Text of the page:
Today’s a good day for a break from all the dour airline news. In fact, with so much attention focused on the business of flying, it’s easy to forget the joy one can actually derive from traveling. Part of that joy, of course, is experiencing new cultures and customs. But as anyone who’s traveled abroad knows, it isn’t as easy as simply showing up in a foreign country and soaking up the ambience. As a traveler, we have a responsibility to follow the established etiquette of the country we’re visiting.
And one of the most sensitive, complex, and varied etiquette issues one comes across is tipping. We Americans tend to tip automatically and generously, anywhere from 15 to 20 percent on top of the bill, but most of the world is far more reserved in recognizing good service. Many countries factor a service charge into the bill, meaning any tip you leave is a tip on top of a tip. I encountered this on a trip to Spain years ago, where I was cautioned to check the bill before leaving any extra cash for the service. Sure enough, most bills came with gratuity factored in, even at little seaside fish shacks.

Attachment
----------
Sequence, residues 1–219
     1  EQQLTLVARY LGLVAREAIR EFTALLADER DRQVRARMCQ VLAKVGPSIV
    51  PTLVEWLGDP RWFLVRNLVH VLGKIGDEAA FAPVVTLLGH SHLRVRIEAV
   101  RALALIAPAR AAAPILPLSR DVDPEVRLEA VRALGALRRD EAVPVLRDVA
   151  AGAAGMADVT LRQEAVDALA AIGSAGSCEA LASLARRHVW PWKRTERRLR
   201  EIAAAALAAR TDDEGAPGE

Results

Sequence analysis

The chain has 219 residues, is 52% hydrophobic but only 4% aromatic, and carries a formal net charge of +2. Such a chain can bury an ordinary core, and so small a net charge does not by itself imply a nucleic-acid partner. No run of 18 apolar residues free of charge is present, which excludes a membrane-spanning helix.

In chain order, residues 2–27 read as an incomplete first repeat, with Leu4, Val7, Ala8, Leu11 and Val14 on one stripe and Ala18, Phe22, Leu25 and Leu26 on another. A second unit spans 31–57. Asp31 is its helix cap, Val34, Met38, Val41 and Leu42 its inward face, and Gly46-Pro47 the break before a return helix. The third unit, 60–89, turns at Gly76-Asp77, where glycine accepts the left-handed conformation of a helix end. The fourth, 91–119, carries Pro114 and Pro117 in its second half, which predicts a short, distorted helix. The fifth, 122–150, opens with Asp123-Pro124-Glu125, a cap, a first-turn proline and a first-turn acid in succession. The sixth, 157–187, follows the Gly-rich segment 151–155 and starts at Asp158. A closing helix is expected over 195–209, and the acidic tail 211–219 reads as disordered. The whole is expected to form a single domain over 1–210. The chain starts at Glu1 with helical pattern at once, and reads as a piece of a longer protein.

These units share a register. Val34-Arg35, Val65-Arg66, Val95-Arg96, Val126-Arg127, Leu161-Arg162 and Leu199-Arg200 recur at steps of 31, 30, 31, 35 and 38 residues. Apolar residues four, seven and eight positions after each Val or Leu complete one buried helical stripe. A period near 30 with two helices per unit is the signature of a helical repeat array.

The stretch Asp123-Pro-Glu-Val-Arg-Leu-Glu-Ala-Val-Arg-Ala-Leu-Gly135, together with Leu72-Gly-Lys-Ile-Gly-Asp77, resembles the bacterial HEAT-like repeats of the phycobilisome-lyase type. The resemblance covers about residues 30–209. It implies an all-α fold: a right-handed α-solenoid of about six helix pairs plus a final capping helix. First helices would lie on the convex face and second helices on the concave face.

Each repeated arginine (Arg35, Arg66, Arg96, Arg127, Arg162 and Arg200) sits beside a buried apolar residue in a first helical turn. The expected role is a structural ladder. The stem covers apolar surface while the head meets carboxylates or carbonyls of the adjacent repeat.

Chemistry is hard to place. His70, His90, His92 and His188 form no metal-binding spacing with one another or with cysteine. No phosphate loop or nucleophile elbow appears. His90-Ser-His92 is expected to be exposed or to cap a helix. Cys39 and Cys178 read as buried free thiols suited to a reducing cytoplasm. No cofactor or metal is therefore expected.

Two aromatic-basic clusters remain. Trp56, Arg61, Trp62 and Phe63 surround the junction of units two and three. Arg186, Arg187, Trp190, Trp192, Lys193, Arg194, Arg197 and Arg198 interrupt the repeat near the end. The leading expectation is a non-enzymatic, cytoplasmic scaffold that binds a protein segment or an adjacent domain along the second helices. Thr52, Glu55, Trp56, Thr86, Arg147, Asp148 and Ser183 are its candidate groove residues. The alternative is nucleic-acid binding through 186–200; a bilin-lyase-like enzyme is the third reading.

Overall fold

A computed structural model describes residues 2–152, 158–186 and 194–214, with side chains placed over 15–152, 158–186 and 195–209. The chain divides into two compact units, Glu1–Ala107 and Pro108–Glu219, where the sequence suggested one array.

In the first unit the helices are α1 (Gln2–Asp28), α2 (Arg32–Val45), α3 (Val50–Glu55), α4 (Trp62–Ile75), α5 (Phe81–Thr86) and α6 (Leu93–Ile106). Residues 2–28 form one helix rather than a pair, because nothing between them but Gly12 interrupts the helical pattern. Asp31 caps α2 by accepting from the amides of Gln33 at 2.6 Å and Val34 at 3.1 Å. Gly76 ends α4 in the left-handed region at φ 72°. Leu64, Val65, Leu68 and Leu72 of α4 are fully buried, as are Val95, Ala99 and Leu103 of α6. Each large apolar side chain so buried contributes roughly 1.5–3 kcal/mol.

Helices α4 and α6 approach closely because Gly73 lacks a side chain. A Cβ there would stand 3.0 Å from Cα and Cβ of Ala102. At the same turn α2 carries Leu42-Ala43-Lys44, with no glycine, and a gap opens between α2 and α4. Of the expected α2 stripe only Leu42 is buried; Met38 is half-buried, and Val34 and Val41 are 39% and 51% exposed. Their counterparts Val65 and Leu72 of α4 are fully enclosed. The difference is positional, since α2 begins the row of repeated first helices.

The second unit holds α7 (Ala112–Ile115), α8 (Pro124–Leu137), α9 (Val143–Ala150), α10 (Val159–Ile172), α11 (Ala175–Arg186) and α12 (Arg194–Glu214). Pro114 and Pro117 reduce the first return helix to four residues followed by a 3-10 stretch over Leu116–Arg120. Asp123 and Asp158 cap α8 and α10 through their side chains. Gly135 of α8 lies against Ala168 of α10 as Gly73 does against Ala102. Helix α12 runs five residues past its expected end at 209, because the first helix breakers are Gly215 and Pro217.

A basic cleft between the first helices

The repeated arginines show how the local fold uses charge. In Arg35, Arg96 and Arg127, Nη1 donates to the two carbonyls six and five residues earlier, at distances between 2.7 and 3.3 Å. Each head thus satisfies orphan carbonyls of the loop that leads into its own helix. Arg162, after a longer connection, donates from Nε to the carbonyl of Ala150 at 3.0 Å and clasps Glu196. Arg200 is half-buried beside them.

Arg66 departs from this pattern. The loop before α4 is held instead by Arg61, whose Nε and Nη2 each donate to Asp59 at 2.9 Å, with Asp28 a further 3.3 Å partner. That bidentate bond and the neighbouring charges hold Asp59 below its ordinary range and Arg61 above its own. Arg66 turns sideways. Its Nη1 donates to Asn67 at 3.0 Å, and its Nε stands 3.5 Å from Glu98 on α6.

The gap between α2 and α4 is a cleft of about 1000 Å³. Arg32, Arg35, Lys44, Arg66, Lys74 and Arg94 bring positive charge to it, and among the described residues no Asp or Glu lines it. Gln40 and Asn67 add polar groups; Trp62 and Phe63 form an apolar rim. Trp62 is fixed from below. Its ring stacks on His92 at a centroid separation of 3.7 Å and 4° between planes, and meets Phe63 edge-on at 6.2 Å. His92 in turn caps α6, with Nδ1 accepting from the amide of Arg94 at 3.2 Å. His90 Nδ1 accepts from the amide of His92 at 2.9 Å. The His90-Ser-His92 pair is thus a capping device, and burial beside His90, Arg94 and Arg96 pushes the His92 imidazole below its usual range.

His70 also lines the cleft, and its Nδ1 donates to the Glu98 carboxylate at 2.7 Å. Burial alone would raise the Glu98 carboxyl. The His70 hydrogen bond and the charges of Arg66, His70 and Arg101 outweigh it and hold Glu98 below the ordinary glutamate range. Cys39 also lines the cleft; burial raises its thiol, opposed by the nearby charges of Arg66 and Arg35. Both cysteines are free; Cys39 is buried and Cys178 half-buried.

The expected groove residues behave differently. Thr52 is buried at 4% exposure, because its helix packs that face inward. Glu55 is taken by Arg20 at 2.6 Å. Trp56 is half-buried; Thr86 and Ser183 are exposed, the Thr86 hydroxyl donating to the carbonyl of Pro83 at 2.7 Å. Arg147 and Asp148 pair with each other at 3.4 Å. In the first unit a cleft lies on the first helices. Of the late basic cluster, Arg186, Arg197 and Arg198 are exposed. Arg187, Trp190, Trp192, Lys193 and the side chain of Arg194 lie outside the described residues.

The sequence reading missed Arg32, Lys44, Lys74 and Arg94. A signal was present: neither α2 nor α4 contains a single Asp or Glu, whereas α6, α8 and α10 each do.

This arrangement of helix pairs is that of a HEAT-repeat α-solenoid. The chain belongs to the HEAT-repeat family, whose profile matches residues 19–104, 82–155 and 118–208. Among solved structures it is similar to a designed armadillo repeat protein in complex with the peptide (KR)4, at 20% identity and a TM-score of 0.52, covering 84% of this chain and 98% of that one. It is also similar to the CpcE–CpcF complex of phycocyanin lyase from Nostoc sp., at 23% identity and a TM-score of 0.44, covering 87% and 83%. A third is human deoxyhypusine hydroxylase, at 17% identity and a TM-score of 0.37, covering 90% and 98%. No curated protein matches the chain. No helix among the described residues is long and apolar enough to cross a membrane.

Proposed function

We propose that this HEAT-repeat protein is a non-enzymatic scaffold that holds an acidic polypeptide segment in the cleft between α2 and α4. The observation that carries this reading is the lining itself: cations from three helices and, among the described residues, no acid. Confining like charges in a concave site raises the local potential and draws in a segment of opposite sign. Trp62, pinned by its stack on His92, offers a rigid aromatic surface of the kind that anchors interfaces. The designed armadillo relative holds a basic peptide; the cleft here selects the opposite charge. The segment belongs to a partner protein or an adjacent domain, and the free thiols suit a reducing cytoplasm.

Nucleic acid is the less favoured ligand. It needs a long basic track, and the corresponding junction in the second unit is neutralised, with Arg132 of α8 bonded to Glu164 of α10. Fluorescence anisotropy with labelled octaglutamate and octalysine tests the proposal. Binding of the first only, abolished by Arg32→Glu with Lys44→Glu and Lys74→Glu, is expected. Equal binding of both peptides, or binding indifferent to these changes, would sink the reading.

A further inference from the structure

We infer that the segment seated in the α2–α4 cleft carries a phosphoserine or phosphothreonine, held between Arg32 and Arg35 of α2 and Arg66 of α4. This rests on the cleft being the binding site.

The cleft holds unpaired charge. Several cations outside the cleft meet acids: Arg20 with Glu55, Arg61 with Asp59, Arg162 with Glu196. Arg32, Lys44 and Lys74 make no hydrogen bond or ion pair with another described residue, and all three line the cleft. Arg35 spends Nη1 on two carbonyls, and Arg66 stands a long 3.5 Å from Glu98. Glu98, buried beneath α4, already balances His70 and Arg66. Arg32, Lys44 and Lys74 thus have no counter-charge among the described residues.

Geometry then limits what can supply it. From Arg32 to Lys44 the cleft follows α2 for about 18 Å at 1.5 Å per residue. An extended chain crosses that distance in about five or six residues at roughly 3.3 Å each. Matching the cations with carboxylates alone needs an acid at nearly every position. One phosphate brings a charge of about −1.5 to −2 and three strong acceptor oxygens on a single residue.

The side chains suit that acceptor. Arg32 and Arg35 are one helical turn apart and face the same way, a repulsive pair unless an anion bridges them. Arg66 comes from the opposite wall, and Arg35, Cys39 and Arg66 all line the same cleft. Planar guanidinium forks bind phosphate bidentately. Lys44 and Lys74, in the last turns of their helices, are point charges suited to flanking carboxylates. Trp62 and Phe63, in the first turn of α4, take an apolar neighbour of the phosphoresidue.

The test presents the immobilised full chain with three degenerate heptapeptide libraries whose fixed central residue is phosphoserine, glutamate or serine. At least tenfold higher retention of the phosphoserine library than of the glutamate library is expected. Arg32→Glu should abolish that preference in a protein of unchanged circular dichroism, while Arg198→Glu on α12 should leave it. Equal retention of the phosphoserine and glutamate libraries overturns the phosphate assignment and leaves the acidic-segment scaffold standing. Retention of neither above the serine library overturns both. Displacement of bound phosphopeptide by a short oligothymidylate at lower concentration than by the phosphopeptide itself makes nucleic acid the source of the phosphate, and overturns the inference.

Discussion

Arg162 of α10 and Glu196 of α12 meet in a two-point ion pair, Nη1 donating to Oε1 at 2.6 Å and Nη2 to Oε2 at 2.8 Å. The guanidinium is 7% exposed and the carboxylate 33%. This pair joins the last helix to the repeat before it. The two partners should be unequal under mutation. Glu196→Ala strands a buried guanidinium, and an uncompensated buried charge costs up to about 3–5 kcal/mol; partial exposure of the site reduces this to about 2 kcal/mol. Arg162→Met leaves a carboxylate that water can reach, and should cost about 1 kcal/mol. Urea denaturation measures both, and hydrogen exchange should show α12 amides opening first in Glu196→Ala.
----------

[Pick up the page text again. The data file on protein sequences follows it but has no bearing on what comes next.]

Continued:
So how do you know what to do? Conde Nast Traveler has a tipping guide (.pdf) covering tipping practices in 25 countries across the globe. Aside from some annoying Verizon ads, the guide is a handy overview of major tipping rules and faux pas. Notably absent from the guide are major destinations like France, Italy, and Japan, but Conde Nast has extended guides for those (Italy is part of a larger Mediterranean guide), which include dining manners and general social behavior tips.
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